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COHORT TWO

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Kevin Argueta, Juan Espinal & Karina Hernandez

MAESTROS VIBE

We are Maestros Vibe! We make school cool to talk about weekly through our podcast. We have been podcasting since 2019. We host esteemed guests that include other teacher leaders, legislators, community members, and other educational leaders. Maestros Vibe  We are currently working on podcasting. We are fueled by making schools cool to talk about. We had teachers, administrators, and students in our last season. We continue to elevate community voices to share stories about our public schools.When we think about the future, we want to impact a wider range of audience and expand our reach. Our hope is to continue to bring on great guests that elevate voices around education. This has the potential to bring our community together and strengthen relationships across islands. We would love to bring the podcast live to in person events and host events that center on education.

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Adele Balderston

88 BLOCK WALKS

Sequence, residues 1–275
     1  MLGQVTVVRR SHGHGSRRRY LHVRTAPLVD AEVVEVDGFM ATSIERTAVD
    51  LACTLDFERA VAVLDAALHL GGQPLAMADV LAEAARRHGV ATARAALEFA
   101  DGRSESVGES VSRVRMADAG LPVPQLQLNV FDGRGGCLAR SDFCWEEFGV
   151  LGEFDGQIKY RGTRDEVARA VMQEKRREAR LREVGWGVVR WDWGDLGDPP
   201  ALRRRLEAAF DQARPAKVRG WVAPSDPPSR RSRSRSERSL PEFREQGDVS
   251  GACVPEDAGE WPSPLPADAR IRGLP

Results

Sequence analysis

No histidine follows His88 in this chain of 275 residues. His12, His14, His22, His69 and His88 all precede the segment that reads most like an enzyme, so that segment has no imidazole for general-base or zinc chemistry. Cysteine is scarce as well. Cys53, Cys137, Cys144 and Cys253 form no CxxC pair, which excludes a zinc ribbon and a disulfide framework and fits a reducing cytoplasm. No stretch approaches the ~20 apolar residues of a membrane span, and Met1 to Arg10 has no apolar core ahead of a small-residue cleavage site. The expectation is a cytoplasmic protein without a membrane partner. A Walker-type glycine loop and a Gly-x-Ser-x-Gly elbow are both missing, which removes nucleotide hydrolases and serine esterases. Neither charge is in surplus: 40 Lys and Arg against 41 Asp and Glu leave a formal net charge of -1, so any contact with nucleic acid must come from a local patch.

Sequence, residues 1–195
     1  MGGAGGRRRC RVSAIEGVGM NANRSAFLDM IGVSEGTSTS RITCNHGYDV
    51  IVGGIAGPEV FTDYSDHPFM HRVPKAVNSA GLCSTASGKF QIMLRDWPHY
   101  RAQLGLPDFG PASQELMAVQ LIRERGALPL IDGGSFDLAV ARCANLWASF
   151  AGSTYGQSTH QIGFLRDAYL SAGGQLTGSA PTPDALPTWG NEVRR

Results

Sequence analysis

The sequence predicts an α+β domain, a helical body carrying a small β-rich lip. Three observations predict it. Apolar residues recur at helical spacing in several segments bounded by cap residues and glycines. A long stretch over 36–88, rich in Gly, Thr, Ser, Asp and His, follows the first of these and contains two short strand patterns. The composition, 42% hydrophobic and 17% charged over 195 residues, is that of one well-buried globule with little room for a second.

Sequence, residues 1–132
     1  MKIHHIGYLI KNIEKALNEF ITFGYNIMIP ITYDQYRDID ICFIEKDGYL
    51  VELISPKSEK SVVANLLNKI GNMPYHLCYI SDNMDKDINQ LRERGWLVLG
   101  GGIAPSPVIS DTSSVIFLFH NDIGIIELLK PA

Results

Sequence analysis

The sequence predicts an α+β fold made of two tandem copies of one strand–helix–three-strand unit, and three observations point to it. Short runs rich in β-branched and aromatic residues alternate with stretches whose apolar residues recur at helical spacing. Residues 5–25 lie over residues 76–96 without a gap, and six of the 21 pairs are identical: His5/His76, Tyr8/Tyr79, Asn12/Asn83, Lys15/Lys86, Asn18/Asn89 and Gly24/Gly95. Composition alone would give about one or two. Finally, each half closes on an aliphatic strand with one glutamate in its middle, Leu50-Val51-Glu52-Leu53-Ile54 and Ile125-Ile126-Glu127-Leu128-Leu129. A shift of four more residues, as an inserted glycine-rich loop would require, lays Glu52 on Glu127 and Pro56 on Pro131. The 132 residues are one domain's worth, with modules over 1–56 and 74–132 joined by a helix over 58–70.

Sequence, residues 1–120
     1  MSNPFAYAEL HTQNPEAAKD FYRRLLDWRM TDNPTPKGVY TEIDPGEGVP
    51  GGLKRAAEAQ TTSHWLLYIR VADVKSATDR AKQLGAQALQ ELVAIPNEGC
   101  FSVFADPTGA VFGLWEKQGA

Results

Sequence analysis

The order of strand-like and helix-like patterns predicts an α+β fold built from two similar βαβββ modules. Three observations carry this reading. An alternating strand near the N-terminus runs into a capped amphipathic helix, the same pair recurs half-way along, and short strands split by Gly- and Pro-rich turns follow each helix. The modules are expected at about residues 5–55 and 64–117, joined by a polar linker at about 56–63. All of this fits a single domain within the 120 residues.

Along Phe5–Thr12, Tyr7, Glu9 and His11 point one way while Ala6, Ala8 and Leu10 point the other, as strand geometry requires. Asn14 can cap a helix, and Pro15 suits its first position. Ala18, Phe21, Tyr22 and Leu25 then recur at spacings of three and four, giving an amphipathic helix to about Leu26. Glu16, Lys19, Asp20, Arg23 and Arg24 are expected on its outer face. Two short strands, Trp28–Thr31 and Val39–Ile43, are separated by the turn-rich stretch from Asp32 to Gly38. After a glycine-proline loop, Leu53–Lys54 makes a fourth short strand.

I am a social practice artist, geographer and urban planner from Windward O’ahu. I’m a settler, the child of an unwed teenage mother raised in a multigenerational-multiracial household in Kailua. I attended public school until I dropped out in tenth grade, started working at 15, and put myself through Windward Community College back when it was only $25 a credit. Later I transferred to NYU where I earned a BA in new media communication and went on to earn an MA in Geography and GIS from Hunter College (CUNY). I worked at NYC City Planning under the Bloomberg administration, and ultimately priced myself out of my own neighborhood as a second-wave gentrifier. I moved home to O’ahu in 2013 and met a community of artists in Kaka’ako where the perfect storm of gentrification and settler-colonialism was already generating tidal waves of luxury development and rampant houselessness. I wrote my MA thesis about this process in Kaka’ako, and started leading tours under the moniker "88 Block Walks" to educate people about the neighborhood’s history and inspire them to become more involved in shaping its future. 88 Block Walks  88 Blocks is a venture at the intersection of geography, art and activism. It’s a series of walking tours, performances, installations and digital tools created to raise awareness of socio-spatial inequality and advocate for community agency. Deeply rooted in the Situationist movement of mid century Paris and fueled by a burning desire to ease the pain of gentrification (if not end it altogether), this work engages spectacle, collective memory and time travel in order to cultivate empathy and inspire civic engagement. Every experience I create is an experiment in connecting people to places, incorporating a combination of archival research, personal narrative, counter-mapping and interaction with urban environments. As a non-native person from a colonized place, my practice also considers inherent conflicts between traditional spatial ideologies and urban realities, and the ways competing ideas of place complicate notions of home, belonging and identity. I hope the tools and experiences I create help individuals and communities to know where they are—to become aware of the layers of meaning that comprise their mental and physical geographies—and empower them to build more equitable places.